Applicants are not required to include funding from other donors.  However, applications that include additional in-kind and/or cash contributions from non-U.S. Government sources will be more competitive since cost-sharing demonstrates a strong commitment to the planned activities and will be considered to show great cost-effectiveness.

In order to be eligible to receive an award, all organizations must have a unique entity identifier (Data Universal Numbering System/DUNS number from Dun & Bradstreet), as well as a valid registration on www.SAM.gov.


Award Period: 18 months (with possible extension)

Award Amount: up to $255,000

Application Submission Process:  Applicants must submit proposals electronically using Grants.gov.

Application Deadline: All applications must be submitted on or before June 22, 2018, 11:59 p.m. eastern time.

Applications submitted after 11:59 p.m. will not be eligible for consideration.  If receipt of application in not confirmed within two days, please contact TbilisiGrants@state.gov.

Telegraphic or fax applications are not authorized for this NOFO and will not be accepted. The total size of each attachment should not exceed 3 MBs.  Every page of the proposal must be numbered.  The application must have a table of contents.  Large graphic files are discouraged.  The format of any attachments must be in Microsoft Word, Excel, or PDF.  Attached files should be printable on U.S. letter size paper (8½ x11”). Do NOT send .rar files.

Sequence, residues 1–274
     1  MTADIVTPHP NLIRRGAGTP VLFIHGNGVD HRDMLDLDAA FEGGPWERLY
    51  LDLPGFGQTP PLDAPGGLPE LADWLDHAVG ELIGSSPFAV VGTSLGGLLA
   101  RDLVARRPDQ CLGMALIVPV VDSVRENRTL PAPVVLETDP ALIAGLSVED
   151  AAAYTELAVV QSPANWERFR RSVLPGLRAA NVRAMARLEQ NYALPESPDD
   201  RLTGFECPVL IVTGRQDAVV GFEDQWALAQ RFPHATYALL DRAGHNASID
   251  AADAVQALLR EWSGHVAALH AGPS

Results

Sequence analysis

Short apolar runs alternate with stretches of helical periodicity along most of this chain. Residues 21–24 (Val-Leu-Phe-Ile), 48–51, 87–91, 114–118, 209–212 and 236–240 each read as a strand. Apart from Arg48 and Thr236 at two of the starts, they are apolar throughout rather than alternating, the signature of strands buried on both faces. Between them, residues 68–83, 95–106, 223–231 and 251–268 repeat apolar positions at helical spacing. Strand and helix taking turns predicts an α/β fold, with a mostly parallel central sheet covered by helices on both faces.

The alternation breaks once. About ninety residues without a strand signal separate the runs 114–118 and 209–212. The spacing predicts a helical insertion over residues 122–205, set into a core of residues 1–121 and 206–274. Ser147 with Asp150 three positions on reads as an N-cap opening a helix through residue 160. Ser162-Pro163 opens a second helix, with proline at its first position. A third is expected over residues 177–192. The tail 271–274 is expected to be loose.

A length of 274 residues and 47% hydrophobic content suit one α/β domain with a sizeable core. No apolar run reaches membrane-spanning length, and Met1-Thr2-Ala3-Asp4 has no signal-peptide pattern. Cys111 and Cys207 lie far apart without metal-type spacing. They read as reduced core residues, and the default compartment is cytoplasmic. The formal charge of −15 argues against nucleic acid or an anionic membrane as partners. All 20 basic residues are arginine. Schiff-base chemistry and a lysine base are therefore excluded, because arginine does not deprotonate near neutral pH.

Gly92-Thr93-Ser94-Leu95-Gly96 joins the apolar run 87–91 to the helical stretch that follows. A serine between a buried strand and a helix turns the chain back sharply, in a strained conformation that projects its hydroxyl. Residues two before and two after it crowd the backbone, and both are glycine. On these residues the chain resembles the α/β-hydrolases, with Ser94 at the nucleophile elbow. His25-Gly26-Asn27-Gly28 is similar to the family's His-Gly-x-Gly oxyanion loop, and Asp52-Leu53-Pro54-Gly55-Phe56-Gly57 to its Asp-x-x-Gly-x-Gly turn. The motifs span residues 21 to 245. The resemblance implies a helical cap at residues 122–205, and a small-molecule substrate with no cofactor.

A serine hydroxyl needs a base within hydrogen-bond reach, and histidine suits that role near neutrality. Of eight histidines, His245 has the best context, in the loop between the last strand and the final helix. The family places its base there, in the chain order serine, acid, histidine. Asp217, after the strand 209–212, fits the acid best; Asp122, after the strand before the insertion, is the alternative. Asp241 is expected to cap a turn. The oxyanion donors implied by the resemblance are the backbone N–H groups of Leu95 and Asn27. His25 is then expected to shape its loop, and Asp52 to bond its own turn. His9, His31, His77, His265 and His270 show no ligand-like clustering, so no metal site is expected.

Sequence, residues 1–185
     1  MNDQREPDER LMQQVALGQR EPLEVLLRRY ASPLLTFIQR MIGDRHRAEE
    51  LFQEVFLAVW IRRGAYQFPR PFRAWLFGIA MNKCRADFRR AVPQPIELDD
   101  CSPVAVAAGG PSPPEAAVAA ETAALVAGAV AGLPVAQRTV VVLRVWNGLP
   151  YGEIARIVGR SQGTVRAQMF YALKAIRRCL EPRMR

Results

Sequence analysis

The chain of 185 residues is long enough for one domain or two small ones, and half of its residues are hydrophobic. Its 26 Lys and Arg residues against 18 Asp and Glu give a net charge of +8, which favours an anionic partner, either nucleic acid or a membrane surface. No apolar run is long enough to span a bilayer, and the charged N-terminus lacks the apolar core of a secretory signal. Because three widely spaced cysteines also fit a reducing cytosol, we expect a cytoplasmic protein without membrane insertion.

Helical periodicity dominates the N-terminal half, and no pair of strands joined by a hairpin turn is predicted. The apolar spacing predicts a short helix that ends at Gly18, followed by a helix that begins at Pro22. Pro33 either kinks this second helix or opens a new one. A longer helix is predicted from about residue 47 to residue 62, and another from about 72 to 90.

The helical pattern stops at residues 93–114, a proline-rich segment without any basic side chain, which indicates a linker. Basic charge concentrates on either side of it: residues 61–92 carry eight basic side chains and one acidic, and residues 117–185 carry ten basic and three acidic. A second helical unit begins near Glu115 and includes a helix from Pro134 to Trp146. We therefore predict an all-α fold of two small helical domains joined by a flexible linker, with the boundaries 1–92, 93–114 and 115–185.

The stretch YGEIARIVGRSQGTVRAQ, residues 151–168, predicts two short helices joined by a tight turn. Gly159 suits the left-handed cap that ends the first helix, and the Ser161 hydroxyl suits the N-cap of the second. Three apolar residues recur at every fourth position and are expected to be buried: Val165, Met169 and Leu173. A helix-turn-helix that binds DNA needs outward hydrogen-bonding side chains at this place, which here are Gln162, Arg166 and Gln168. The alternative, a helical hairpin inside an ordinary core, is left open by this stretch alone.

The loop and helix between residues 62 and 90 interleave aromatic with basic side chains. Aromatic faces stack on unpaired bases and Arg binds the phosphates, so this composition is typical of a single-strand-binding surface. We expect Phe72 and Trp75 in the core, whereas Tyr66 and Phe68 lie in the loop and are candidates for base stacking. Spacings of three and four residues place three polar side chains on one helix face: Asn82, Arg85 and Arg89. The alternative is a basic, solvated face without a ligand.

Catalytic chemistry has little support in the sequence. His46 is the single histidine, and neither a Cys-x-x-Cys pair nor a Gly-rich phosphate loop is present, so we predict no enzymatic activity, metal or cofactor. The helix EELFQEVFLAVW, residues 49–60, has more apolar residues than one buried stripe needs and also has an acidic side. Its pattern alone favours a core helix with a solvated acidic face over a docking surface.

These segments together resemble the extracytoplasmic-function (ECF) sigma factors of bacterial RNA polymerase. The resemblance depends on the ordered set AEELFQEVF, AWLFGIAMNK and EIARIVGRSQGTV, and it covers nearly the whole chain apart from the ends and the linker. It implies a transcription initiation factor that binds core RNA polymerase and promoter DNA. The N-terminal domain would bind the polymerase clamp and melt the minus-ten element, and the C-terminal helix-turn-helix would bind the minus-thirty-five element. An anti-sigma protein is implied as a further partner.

Application Content:  Applicants must follow the NOFO instructions and conditions contained herein and supply all information required.  Failure to furnish all information or comply with stated requirements will result in disqualification from the competition.  Applicants must set forth full, accurate, and complete information as required by this NOFO.  The penalty for making false statements in proposals to the USG is prescribed on 18 U.S.C.1001.

The following documents are required:

Section 1 – Application for Federal Assistance (SF-424):

Mandatory application forms

Section 2 – Executive Summary:  (maximum 2 pagess)

The executive summary is limited to 300 words in length.  It must provide a summary of the identified need, proposed activities, and expected results.

Section 3 – Project Goals/Implementation Plan (maximum 10 pages):

The applicant must specify the goals and objectives of the project, relative to the announced project statement. The proposed activities should be described in sufficient detail to show how objectives and goals will be met. The narrative should be brief, concise, and provide a clear description of what the applicant proposes to do, where, why, when, how, and by whom.

This section should include a structured monitoring and evaluation plan (Logic Model and a Theory of Change) that will demonstrate how success will be measured via performance indicators by defining objectively verifiable indicators. The matrix should also include: sources/means for verification, risks and assumptions for goals and objectives, and expected results and activities.

Section 4 – Organizational Capability (maximum 2 pages):